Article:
For most of us, an acre is a Sunday morning headache. For most of us, a bad crop is when profile pictures go wrong. And that is why Stardew Valley has been a runaway success.
Stardew Valley is a farming simulator, but not the serious kind. You won’t be fretting over milk quotas or soil quality here. There are no diseases or overheads to worry about. Instead, you control a little man as he walks about a cartoon patch of land, helping him plant seeds, build coops, erect stables, go fishing, and watch the days roll by. And as the days roll by, they turn into months, and the months into seasons, and your little farm becomes a bigger farm, which you can diligently tend to — or which you can happily ignore, if the workload becomes tiresome.
Because your farm borders a town full of needy lovables, there’s more to life than just lonesome farming. In fact, much of the fun comes from building relationships with these people as the months saunter on … What’s that? Debbie needs a bream for her fish taco?
I’ll hit the river, Debbie, and maybe you’ll offer me some new tool or service to grow my farm later. You know, I’d love to see my tulips come up just right so the parsnips don’t get frettish. I’m sure the cows would love some apple trees to admire. Just another 20 days to go before the potatoes come up.
If Stardew Valley sounds kind of sappish, that’s undeniably true, but it’s also a damn sight more relaxing than shooting 15 zombies in the head before they chew your face off. And while we’ve seen ‘farming life’ simulators like this before, especially in Harvest Moon and Animal Crossing, this is the first time such a game has been successful on the PC.
Brilliantly, it reached number one on the Steam charts, holding off Ubisoft’s blockbuster The Division in the process. If nothing else, this proves that gamers really do crave a change of pace sometimes.
The success of Stardew Valley comes down to far more than just opportunity, however. This is a really well constructed game, one that easily holds its own against its big budget forebearers.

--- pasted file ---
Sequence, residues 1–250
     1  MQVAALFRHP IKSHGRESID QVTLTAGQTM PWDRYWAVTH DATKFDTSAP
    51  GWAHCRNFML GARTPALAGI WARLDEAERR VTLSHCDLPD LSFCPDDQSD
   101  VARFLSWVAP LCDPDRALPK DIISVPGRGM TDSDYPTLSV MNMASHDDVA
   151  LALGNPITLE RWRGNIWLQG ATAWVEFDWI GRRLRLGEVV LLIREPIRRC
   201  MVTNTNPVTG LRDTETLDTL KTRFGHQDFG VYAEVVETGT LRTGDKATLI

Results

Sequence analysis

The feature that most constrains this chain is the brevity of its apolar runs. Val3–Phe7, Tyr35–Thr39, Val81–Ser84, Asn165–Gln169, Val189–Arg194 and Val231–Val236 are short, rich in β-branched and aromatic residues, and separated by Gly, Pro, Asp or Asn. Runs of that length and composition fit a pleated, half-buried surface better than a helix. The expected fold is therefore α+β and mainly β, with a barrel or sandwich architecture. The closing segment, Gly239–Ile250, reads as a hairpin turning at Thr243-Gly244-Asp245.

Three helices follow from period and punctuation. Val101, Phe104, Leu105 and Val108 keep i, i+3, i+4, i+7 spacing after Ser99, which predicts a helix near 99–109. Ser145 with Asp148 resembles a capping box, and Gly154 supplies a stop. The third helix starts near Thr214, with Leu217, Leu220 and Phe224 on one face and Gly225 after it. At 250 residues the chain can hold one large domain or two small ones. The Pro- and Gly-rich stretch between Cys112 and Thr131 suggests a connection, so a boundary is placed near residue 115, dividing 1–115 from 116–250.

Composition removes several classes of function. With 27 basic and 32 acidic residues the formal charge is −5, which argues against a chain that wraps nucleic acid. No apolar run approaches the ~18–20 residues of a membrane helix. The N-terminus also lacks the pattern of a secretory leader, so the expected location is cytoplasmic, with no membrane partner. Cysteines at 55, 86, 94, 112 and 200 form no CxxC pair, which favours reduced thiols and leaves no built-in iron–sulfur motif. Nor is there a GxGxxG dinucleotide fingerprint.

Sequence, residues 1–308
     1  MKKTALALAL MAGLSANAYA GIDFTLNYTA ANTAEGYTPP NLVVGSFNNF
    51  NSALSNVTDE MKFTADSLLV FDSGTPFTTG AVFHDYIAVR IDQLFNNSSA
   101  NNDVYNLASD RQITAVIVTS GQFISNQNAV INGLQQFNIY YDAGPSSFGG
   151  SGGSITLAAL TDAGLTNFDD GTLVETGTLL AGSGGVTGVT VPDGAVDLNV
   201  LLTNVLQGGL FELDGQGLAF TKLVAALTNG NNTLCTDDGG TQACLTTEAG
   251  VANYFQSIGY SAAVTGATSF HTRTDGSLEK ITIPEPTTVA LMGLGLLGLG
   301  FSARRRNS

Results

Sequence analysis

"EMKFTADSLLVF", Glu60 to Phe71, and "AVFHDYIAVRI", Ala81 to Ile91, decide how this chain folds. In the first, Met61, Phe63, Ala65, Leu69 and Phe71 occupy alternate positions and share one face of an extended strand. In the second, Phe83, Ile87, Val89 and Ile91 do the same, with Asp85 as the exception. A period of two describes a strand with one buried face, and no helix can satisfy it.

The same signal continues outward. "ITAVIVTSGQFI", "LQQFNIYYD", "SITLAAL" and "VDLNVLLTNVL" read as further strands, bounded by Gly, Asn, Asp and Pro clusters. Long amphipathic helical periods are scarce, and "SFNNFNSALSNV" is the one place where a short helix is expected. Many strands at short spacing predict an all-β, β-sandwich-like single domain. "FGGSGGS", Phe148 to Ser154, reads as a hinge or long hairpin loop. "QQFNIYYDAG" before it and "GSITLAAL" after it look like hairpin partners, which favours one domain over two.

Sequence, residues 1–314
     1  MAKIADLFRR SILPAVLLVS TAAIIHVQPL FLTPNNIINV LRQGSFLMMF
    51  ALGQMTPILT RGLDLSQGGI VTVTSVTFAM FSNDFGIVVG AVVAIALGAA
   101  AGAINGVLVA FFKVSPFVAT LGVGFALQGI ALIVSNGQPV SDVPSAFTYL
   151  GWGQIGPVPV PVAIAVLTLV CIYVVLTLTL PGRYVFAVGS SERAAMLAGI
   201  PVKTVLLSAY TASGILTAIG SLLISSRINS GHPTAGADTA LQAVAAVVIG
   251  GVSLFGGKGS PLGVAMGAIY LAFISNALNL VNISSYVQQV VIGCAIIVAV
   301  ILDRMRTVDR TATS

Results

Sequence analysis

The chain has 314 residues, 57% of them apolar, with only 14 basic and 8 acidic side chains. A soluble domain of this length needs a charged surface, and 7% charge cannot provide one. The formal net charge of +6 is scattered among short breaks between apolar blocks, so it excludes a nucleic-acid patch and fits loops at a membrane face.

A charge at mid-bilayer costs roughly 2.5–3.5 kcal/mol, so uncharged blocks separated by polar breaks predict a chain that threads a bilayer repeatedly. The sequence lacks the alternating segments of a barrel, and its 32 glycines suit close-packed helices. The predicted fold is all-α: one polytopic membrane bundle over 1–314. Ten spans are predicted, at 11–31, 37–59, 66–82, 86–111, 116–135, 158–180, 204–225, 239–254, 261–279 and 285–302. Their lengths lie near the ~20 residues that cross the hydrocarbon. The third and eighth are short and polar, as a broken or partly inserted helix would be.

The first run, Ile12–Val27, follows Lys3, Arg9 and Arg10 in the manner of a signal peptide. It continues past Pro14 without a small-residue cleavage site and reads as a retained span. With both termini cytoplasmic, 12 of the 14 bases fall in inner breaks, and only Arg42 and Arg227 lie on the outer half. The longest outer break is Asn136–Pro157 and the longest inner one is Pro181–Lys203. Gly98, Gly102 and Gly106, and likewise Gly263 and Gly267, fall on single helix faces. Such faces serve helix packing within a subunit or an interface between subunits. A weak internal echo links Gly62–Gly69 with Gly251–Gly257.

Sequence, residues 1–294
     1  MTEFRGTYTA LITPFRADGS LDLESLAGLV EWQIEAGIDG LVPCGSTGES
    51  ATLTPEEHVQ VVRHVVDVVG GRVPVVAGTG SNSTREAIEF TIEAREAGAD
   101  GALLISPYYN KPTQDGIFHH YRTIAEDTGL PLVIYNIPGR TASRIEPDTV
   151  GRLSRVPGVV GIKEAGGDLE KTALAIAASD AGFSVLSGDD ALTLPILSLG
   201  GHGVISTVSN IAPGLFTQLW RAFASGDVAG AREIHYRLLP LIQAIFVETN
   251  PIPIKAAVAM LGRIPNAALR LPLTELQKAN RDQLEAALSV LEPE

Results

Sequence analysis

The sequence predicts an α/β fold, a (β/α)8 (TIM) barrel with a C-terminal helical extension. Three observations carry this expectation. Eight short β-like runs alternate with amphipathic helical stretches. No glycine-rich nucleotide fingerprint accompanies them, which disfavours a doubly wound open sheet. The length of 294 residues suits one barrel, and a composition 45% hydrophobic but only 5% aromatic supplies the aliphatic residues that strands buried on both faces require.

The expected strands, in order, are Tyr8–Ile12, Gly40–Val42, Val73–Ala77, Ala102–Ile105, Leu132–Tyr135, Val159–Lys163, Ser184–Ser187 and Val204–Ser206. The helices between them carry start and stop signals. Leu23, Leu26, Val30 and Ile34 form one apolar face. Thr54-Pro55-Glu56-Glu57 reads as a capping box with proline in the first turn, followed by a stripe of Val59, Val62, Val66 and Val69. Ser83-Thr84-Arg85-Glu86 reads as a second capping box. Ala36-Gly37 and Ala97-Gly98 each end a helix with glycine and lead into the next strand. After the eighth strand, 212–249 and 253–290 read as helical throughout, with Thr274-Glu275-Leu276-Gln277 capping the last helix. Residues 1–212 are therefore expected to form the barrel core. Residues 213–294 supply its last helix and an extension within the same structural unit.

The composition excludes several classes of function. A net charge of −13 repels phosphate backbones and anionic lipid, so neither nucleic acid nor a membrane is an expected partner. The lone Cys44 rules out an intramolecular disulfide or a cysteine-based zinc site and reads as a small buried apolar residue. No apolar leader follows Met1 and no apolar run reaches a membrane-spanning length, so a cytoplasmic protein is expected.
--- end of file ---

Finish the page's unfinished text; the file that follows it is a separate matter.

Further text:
While you can play at your own pace, that doesn’t mean it lacks a challenge. Getting the right balance between your character’s energy levels, income levels, town relationships, and farm aspirations does take commitment and planning. Thankfully, despite the many farm chores you’ll perform, the game itself never becomes one.
With Spring upon us, there’s no better time to give Stardew Valley a visit. At €13, it’s a valley good purchase.
Blizzard is a company that knows all about farming in games — in World of Warcraft, ‘gold farming’ became a big problem at one stage. Players would play WoW solely to make in-game currency, so that they could then sell that currency for real cash to other players.
There’s a reason Blizzard games inspire such excessive attention, and it’s because they create very well balanced systems that draw large communities. For that reason, Overwatch should have fans of Team Fortress and Call of Duty very, very excited.
Overwatch will be released on May 24 and it’s essentially Team Fortress meets Pixar. If you prefer online shooters with room for different playstyles and strategies, then this looks like a winner. A new cinematic trailer has been released and while it doesn’t show gameplay (plenty of that on YouTube), it does highlight the light-hearted, Saturday-morning-superhero vibe of the Overwatch universe. Which, like Stardew Valley, is a welcome change of pace from soldiers and the apocalypse.
Not everything about World of Warcraft inspires excellence, however. The latest trailer for the movie of the same name looks boring and, frankly, ridiculous. Human and orc love triangles should only be seen in the darkest corners of the internet, not on 30ft screens. To make matters worse, the Warcraft style just looks silly on real people. The world of Azeroth, it seems, was cursed to perpetual Movember. Still, with David Jones at the helm, there’s always hope.